The Southern Association of Colleges and Schools Commission on Colleges (SACSCOC) has reaffirmed accreditation of Trinity University for an additional 10 years, a successful outcome to the process of evaluation that began following the last reaffirmation process in 2008. The accreditation process will be punctuated by a mid-term review in five years.
"What wonderful news to receive as we prepare to celebrate our 150th anniversary,” says Trinity University President Danny Anderson. “This further validates what we already know about Trinity—our faculty and staff are providing an exceptional, mission-driven education."
Accreditation validates that Trinity's quality of education and facilities meets nearly 100 standards set by SACSCOC in coordination with the U.S. Department of Education, and ensures Trinity is eligible to receive federal and state funding to support student financial aid and to transfer academic credits with other institutions.
Trinity submitted documentation supporting compliance with these standards in September 2017, kicking off a three-stage review process. A critical component of Trinity's response was the new Quality Enhancement Plan (QEP), Starting Strong: Intentional Strategies for Improving First-Year Student Success at Trinity University. The QEP aims to improve the overall first-year experience through teaching, advising, and academic resource support specifically for first-year students.
Faculty and staff collaborated under the leadership of political science professor John Hermann to develop the QEP. Other committee members included Victoria Aarons, chair of the teaching subcommittee and O.R. Mitchell Distinguished Professor of English; Alex Gallin-Parisi, chair of the academic support resources subcommittee and Coates Library professor; Lisa Jasinski, vice-chair of the teaching subcommittee and special assistant to the vice president for Academic Affairs, and Diane Persellin, chair of the advising subcommittee and Murchison Term Professor of music.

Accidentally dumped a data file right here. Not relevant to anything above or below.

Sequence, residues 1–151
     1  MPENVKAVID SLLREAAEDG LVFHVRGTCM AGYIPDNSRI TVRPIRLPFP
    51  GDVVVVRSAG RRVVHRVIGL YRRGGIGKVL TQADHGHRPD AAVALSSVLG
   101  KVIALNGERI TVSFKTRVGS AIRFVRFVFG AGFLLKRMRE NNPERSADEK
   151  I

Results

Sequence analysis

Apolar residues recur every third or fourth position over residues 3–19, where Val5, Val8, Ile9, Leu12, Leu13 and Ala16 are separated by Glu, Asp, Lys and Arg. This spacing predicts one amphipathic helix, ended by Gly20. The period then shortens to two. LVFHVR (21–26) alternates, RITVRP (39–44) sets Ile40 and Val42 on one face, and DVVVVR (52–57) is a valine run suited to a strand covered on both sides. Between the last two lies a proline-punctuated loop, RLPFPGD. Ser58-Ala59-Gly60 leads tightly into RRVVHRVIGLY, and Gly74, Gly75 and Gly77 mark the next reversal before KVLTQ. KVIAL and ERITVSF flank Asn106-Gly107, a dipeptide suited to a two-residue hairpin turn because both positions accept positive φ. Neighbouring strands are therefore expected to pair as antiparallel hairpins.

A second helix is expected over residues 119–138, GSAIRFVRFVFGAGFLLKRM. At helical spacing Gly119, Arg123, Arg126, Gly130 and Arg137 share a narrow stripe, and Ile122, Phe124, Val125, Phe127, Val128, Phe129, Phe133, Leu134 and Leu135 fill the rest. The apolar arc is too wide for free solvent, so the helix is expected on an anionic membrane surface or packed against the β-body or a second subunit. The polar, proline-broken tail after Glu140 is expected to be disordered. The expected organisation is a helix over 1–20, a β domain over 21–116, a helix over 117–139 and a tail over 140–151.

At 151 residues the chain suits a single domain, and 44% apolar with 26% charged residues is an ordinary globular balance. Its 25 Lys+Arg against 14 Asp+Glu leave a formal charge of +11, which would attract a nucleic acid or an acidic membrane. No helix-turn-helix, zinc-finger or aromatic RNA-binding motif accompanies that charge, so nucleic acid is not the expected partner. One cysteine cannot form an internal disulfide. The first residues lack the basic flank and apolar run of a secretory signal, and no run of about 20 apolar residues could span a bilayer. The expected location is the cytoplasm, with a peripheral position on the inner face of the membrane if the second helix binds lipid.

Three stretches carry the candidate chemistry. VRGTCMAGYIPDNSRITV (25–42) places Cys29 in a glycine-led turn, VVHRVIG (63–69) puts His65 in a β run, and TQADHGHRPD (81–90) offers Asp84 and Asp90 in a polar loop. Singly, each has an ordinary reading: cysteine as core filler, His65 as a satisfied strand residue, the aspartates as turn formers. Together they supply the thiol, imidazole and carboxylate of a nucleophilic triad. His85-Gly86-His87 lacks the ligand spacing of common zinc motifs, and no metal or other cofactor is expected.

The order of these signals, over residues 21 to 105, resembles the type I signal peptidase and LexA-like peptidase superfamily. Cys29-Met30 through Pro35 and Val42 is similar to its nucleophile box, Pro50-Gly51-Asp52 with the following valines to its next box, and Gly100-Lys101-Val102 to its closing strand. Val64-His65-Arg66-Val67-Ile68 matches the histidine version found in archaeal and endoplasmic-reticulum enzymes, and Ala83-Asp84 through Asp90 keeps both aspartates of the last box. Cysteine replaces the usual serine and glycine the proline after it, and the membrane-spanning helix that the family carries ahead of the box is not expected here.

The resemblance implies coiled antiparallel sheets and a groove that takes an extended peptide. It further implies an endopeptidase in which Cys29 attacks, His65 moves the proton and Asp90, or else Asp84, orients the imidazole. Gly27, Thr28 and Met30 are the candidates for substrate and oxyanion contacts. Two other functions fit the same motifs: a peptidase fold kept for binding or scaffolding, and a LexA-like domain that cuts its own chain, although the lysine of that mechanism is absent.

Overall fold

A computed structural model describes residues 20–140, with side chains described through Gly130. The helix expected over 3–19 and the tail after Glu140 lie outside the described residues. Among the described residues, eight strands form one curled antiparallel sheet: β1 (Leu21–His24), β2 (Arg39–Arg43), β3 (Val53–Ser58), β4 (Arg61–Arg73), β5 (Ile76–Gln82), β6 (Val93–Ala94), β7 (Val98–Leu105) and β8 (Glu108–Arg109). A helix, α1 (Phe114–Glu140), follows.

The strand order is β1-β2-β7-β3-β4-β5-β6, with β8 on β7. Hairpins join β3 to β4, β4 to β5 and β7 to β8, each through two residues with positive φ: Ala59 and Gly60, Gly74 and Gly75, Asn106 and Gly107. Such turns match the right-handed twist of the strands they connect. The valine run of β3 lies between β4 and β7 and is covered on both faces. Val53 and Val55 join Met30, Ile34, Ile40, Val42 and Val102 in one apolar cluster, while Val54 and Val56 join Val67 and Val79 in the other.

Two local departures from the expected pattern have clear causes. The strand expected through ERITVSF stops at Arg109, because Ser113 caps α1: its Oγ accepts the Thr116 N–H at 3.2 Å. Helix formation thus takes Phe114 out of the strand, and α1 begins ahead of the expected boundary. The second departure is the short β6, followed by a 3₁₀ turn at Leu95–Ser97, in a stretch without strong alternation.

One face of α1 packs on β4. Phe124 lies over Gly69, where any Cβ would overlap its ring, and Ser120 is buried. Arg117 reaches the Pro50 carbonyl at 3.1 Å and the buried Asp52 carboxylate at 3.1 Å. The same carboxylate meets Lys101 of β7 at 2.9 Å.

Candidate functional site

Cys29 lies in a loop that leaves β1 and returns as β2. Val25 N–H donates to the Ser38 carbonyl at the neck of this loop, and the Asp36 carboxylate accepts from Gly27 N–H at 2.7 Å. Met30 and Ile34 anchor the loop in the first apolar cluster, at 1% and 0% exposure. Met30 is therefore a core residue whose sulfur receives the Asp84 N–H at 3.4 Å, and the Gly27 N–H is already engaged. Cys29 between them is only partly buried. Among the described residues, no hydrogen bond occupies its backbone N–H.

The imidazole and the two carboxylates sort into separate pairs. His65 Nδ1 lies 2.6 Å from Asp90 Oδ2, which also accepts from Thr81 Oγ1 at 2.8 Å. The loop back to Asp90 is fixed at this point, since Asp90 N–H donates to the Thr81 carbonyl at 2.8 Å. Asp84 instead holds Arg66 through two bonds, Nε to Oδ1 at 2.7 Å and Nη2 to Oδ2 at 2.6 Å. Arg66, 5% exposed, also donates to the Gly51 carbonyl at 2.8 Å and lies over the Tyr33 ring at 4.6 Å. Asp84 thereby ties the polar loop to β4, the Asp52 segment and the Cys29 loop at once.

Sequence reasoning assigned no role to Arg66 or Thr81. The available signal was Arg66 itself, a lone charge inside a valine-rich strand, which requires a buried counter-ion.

Deneese Jones, vice president for Academic Affairs, expressed her appreciation for the team of professionals who worked diligently to achieve this result.
"Exceptional institutions like Trinity University approach accreditation as an opportunity for continuous improvement and innovation," Jones says. "The entire University was involved in achieving this result, and we appreciate the efforts of the staff and faculty who worked tirelessly to demonstrate Trinity's excellence."
Both Jones and Anderson offer their thanks to staff members Diane Saphire, who retired in June from her post as associate vice president for Institutional Research; Kathy Friedrich, director of assessment; Duane Coltharp, associate vice president for Academic Affairs-Curriculum and Faculty Development; and David Ribble, associate vice president for Academic Affairs-Budget and Research; Diana Heeren, associate vice president for finance; Jamie Thompson, director of student involvement; and Claire Smith, executive assistant to the president for all their deliberate work leading to this result.
As the major accrediting body for public and private institutions of higher education in the 11 southernmost states, SACSCOC accredits more than 780 universities and colleges in North Carolina, Alabama, Florida, Georgia, Kentucky, Louisiana, Mississippi, South Carolina, Tennessee, Texas, Virginia, and in Latin America.
Trinity University has been continuously accredited by SACSCOC since 1946.